As a life coach, I regularly work with clients to set clearer goals, take action, and deepen their personal and professional development. Often times I find that people stand in a perspective that says satisfaction, fulfillment, and ultimately, happiness are things to be achieved “out there”. We believe if we take the right steps, say the right things, or be the right way, then this happiness will be ours to grasp, at last.
The truth is that today, we are privy to so much information and have access to a startling amount of choice, yet we don’t always know how to best handle or choose. We are pushed to chase an extraordinary life, one that looks incredible to others, at the expense of appreciating the meaningful ordinary that is satisfying to self. We are influenced to meticulously design our futures, to have them planned and predicted and controlled, but forget we don’t need to know our futures -- we’re going to live them anyway.
What we need is to be here, now.
This is where a gratitude practice can make the biggest difference between waiting for happiness from “out there”, versus discovering its already blooming existence right here.
Be curious about what makes you feel grateful. And perhaps more importantly, be curious about where it may be possible to expand this energy into the neglected cracks and corners of our busy lives.
Can we be grateful all of the time? No, of course not. Life is full of difficult experiences ranging from the mildly unpleasant to the excruciatingly crippling. But, even in the midst of great pain, we can be grateful for our raw vulnerability.
“Be vulnerable. Let yourself be deeply seen, love with your whole heart, practice gratitude and joy…be able to say ‘I am thankful to feel this vulnerable because it means I am alive’, and believe ‘I am enough.’ You are worthy of love & belonging.” - Brene Brown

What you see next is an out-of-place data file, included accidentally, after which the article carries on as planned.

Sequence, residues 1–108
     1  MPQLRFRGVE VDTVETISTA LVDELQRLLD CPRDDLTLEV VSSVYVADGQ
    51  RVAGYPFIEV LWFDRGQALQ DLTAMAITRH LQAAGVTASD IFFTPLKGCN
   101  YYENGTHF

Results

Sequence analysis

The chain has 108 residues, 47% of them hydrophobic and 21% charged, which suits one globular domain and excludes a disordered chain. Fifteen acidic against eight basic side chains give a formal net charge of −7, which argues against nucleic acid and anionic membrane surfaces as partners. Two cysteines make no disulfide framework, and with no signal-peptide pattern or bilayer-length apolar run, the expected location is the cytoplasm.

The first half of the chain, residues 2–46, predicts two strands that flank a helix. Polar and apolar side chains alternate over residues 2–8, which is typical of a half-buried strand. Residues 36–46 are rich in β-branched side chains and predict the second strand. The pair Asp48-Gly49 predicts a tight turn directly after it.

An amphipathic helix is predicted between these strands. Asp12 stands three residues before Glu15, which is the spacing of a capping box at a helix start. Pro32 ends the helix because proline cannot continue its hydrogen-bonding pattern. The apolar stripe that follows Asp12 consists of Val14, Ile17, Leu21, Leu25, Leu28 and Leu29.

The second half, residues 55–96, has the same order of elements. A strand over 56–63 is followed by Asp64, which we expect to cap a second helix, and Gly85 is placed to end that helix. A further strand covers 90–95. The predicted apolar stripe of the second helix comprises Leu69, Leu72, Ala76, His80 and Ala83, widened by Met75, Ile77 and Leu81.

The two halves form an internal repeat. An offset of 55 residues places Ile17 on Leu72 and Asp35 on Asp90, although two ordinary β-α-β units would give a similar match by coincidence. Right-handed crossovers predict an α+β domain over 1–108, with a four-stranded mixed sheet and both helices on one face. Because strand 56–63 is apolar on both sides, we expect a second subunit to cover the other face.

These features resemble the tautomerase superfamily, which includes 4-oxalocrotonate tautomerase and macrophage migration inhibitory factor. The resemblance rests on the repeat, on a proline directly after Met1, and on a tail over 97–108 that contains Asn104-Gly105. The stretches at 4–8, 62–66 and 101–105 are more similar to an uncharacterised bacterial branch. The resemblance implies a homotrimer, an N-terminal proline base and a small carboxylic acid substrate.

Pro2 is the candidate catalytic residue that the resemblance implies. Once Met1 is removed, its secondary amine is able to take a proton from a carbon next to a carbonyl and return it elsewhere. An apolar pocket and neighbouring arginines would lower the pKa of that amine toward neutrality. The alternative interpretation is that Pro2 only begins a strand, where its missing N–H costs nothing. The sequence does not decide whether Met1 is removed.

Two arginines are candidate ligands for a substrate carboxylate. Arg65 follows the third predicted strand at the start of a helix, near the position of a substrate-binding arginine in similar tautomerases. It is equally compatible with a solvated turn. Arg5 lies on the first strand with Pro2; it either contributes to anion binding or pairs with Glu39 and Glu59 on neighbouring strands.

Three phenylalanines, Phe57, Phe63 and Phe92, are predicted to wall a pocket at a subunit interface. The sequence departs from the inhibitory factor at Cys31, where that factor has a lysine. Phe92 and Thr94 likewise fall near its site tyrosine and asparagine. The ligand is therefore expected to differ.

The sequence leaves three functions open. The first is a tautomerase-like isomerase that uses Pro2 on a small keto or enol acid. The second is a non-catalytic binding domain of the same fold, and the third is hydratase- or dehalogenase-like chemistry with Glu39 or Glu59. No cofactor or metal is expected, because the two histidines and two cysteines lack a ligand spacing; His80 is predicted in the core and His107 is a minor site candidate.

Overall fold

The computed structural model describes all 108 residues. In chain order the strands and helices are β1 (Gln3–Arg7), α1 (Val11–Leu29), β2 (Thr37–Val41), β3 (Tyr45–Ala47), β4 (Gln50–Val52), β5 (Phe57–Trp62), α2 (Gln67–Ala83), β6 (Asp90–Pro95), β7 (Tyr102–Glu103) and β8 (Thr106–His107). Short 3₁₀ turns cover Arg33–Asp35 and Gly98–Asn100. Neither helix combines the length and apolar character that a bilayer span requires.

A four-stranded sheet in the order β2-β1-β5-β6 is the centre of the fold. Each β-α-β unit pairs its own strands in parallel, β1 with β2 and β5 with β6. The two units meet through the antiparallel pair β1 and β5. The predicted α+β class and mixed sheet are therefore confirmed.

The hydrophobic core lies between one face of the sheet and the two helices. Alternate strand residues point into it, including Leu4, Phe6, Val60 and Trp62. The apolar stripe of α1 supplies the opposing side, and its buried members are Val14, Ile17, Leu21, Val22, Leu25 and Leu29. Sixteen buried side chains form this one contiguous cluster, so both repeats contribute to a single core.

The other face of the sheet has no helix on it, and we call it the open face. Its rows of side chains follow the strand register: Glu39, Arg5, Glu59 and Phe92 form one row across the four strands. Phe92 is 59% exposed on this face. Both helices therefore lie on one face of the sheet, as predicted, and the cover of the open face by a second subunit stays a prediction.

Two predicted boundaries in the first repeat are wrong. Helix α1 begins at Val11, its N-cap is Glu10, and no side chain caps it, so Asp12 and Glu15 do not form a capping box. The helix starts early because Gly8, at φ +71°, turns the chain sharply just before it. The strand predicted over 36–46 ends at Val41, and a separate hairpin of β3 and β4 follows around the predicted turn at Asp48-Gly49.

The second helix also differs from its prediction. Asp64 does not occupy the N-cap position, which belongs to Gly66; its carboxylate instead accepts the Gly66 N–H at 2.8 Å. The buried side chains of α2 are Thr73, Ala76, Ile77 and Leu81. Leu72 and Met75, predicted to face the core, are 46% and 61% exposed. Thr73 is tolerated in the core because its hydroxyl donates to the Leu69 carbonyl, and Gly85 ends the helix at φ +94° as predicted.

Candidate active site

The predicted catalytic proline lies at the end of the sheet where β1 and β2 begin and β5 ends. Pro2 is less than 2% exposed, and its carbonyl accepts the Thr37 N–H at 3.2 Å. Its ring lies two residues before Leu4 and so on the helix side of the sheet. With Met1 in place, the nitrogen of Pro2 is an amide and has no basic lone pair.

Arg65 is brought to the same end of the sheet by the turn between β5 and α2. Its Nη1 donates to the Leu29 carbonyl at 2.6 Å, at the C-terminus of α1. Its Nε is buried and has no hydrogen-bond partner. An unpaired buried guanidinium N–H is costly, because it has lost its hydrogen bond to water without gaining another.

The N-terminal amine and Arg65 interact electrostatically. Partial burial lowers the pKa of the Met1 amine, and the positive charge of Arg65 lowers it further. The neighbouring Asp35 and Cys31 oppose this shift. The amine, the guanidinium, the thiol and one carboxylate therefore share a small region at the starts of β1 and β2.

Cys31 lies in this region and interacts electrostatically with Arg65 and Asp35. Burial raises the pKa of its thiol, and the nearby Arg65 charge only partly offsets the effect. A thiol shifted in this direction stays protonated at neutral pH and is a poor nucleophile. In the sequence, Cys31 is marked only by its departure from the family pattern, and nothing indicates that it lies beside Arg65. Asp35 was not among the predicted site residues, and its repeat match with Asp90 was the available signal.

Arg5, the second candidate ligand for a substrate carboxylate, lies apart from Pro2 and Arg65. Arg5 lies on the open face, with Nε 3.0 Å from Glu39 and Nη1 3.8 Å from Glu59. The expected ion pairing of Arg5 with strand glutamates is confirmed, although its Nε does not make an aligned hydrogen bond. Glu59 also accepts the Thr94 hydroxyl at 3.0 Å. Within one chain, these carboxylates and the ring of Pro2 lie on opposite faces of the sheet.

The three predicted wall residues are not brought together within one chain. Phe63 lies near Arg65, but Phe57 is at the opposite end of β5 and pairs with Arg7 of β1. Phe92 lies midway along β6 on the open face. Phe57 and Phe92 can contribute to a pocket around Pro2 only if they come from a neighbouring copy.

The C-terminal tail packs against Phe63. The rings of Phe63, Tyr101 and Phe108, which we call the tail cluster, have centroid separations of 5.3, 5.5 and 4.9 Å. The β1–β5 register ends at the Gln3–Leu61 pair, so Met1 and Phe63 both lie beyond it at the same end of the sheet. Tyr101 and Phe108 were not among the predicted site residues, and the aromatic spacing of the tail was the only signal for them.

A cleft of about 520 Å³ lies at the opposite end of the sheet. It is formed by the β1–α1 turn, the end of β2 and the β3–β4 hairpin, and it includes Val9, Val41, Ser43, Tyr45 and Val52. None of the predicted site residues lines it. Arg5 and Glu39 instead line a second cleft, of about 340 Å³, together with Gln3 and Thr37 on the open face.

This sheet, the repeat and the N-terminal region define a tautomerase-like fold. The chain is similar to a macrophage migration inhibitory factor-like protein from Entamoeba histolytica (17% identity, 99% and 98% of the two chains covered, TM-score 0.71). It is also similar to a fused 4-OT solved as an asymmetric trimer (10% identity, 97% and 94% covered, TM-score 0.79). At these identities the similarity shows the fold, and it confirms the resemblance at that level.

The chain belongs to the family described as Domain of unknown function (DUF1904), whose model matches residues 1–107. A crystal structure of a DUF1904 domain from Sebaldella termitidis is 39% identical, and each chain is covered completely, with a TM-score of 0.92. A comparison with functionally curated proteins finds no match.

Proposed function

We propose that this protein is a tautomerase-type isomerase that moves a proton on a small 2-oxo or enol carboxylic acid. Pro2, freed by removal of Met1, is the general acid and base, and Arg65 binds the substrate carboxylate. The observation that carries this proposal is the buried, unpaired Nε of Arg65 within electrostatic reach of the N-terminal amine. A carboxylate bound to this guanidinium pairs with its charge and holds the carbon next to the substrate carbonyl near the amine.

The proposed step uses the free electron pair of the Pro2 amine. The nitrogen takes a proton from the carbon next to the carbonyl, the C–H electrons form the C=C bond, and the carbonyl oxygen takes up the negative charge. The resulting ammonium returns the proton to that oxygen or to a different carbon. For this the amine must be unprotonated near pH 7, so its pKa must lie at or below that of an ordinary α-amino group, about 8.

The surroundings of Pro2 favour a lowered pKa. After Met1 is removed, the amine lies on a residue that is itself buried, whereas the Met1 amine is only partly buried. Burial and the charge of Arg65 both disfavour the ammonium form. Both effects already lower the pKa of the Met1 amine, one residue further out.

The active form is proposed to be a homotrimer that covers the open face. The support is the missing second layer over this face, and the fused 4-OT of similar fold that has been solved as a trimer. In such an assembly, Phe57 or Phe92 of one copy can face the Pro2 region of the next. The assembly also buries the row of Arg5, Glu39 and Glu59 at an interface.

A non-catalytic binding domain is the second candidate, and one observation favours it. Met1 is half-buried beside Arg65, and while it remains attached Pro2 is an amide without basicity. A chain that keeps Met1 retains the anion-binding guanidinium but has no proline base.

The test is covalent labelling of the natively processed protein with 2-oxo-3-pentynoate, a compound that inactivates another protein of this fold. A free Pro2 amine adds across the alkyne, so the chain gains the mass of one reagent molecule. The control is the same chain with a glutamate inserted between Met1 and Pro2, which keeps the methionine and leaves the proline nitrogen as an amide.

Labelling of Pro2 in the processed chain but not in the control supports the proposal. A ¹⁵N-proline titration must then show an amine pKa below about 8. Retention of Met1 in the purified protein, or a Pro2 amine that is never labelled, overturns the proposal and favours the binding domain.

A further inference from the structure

Sometimes this kind of gratitude can only be recognized from the other side of pain -- from the place where we can say “I could have never gotten through it without my friends”, or “I know this lead me to where I am now, and to know what I know.” And truly, that’s OK. While gratitude appreciates a timely acknowledgment, it also has an endless amount of patience. It is never too late to be grateful for your life.
We can practice gratitude as presence, in order not to miss the moments and meetings that cannot possibly be replicated. We can practice gratitude vocally, spiritually, professionally, casually; in gestures, words, or energy. There are no rules to how it must be expressed, or embodied. It just asks that you keep it alive in your heart in whatever way feels right. It asks that you consider working to fill the tank regularly, so that when life does, inevitably, present challenges, you have a reserve to sustain you into healing.
The idea is to really live, deeply and genuinely, versus trying to convince anyone else you have a life. The idea is to not let ourselves miss where we are, and to generously allow for satisfaction in what we have. And if we really don’t like the where and what? We can allow ourselves permission to make changes and be thankful change is the very basis of our human nature.
With gratitude, the Universe is eternally abundant, and is truly yours to experience with great joy and fulfillment. But, my darlings, you have to say yes. And, you have to say thank you.
Love and Light,
This essay was originally written for a wellness program within a Bay Area tech company.
For a personalized wellness or coaching essay of your own, contact me here!